Based on Victor Hugo’s acclaimed 1831 novel and songs from the 1996 Disney film, The Hunchback of Notre Dame is a dramatic tale of heartache and pain.
We are in Paris on 6th January, 1482.
Two orphaned brothers – Jehan (Mack Williams) and Claude Frollo (Zak Brown) – are being looked after inside Notre Dame cathedral.
Photos by Ben Fon
The former rejects the church’s strict constraints, while the other sits comfortably within its strictures.
After Jehan tries to gift Claude Frollo a gypsy woman to celebrate the latter’s birthday, he is expelled.
Jehan goes on to live with the gypsy and father her child.
Years later, on his deathbed, he pleads with Claude Frollo to care for the boy, who is badly deformed.
Reluctant though he is to do so, Claude Frollo – who by then has risen to church archdeacon – does take him in and names him Quasimodo (meaning half formed).
Claude Frollo is a particularly strict task master.
Quasimodo is raised in the belltower of Notre Dame, forbidden to set foot outside the church walls.
He is tasked with ringing the bell, which leaves him partially deaf, and left to interact with his “friends” – the gargoyles and statues.
They urge him to take a risk and leave the church on the day set aside for the Feast of Fools.
It is when gypsies, including their leader Clopin (Pasquale Bartalotta), engage in revelry.
Among them is dancer Esmerelda, who entrances everyone, including the new head of the Notre Dame Cathedral Guard, Captain Phoebus (Tom Liszukiewicz).
He has just arrived after spending four years on the front line.
Also intrigued is Claude Frollo, who tells Phoebus they must rid the city of all gypsies.
Encouraged by Esmerelda, Quasimodo enters a contest to find the ugliest person in Paris and he is crowned the King of Fools.
Immediately set upon by the hostile crowd, Esmerelda uses magic to free him from their clutches.
Thereafter, the fortunes of Quasimodo, Esmerelda, Phoebus and Claude Frollo become inextricably linked, with the latter having impure thoughts.
With music by Alan Menken, lyrics by Stephen Schwartz and a book by Peter Parnell, The Hunchback of Notre Dame premiered in Berlin in 1999.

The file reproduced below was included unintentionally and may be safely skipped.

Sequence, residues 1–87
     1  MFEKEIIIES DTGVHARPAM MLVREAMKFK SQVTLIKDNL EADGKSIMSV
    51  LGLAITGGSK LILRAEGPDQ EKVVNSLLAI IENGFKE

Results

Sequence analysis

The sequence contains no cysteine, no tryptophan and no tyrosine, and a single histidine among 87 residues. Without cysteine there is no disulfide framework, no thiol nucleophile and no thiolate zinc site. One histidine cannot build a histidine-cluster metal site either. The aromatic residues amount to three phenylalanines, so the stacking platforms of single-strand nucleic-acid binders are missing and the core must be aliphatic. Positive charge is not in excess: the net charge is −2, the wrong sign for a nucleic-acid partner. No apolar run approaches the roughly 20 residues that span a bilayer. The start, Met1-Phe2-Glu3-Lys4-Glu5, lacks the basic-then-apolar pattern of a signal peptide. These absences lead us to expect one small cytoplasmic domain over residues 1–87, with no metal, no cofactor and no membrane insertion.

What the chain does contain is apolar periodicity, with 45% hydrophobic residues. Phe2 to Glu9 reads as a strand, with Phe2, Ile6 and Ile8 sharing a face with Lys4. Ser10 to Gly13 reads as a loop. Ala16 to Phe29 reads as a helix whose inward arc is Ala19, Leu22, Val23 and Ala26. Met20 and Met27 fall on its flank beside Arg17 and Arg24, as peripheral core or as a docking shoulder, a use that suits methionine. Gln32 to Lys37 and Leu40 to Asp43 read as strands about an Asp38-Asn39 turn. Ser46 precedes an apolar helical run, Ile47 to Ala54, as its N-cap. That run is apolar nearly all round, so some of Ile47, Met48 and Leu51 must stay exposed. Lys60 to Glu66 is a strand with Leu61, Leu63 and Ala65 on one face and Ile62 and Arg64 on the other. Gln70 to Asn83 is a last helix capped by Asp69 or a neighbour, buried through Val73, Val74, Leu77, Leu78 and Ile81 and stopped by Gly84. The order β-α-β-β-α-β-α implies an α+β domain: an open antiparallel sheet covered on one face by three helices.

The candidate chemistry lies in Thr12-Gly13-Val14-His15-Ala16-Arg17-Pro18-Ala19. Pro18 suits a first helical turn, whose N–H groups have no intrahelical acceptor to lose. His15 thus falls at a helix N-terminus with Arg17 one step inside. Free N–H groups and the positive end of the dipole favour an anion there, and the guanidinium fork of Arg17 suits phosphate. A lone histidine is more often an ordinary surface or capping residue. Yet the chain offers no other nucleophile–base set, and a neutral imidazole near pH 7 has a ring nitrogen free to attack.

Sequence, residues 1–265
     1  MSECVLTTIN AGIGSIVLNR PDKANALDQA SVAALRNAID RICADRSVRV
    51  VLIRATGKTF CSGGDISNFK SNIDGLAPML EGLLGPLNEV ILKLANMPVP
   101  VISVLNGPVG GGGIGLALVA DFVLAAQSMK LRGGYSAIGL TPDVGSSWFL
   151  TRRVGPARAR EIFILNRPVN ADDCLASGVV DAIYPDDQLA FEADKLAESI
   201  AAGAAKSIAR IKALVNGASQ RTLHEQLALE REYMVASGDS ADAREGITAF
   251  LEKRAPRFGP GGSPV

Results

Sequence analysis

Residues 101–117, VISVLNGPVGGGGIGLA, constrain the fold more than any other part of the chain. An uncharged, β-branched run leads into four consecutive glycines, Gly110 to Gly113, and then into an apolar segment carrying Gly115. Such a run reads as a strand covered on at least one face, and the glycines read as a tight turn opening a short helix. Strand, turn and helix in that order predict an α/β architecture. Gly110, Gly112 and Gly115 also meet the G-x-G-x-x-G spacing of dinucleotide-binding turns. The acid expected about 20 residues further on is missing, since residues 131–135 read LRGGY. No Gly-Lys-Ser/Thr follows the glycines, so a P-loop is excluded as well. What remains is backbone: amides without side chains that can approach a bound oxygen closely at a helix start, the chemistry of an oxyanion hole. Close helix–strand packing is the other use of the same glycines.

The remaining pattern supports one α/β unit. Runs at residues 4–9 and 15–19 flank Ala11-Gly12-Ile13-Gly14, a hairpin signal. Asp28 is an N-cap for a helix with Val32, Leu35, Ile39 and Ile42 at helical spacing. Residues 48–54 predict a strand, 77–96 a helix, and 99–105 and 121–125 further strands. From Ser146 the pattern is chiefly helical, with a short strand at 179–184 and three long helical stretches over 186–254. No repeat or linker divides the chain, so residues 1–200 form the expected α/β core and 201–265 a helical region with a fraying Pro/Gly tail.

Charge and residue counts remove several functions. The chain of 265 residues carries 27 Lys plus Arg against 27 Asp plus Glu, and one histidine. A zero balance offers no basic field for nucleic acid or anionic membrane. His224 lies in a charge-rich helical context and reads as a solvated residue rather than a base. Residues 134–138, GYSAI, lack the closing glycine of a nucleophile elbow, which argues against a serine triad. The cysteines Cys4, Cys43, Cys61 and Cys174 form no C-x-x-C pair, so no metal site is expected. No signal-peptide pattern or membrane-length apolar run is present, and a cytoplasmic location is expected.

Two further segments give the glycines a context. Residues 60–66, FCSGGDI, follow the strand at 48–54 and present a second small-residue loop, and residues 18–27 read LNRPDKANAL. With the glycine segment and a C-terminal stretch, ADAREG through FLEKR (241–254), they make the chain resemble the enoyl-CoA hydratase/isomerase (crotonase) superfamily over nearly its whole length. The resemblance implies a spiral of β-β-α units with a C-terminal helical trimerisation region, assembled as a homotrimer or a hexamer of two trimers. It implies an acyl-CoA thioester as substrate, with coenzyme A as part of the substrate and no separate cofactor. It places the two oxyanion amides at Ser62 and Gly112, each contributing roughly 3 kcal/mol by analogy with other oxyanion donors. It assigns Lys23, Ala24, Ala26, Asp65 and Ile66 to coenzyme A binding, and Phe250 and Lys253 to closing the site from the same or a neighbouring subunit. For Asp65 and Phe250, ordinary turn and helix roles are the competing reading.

Its North American debut was in San Diego in 2014.
OSMaD’s (The Old Scotch Music and Drama Club) production, which marks the first time it has been seen in Victoria, is quite the spectacle.
I was taken by the lead performances, as well as the ensemble (numbering 30), along with the staging and production values.
A 15-piece orchestra beneath the stage is complimented by a 32-strong choir – dressed in maroon with red scarves – above it, as if appearing in a cathedral. They serve to enhance the chorus numbers.
As Esmerelda, Ninna Aguirre is a standout, with her rich, pure vocals and energy.
Zak Brown is positively menacing as Claude Frollo, the timbre in his voice commanding.
Matthew Tomlin excels as the hunchback, combining gravely speech with strong musicality.
Pasquale Bartalotta has a dynamic presence as the gypsy leader, while Tom Liszukiewicz asserts authority as Captain Phoebus.
Displaying strength and conviction, Mack Williams has immediate impact as recalcitrant brother Jehan.
Stylistically, the dynamic score includes chants, Broadway numbers, opera and contemporary pop. Music directors David Barrell and Ned Dixon have done a fine job.
I greatly appreciated the lighting design of Peter Verhagen. Among the features was his highlighting of stained-glass windows behind the choir.
That leads me to compliment the set design by Brenton Van Vliet, the large belltower wheeled in and out in two halves being his signature piece.
The song and dance numbers are buoyant, thanks to the efforts of choreographer Caitlin Lamont.
Sound design, which is so critical to this work, is also noteworthy, the endeavour of Marcello Lo Ricco and Steve Cooke.
Solid direction from Joel Batalha sees this Disney tale of prejudice, romance and acceptance pack power and punch.
OSMaD’s The Hunchback of Notre Dame played at Geoffrey McComas Theatre at Scotch College between 7th and 16th December, 2023.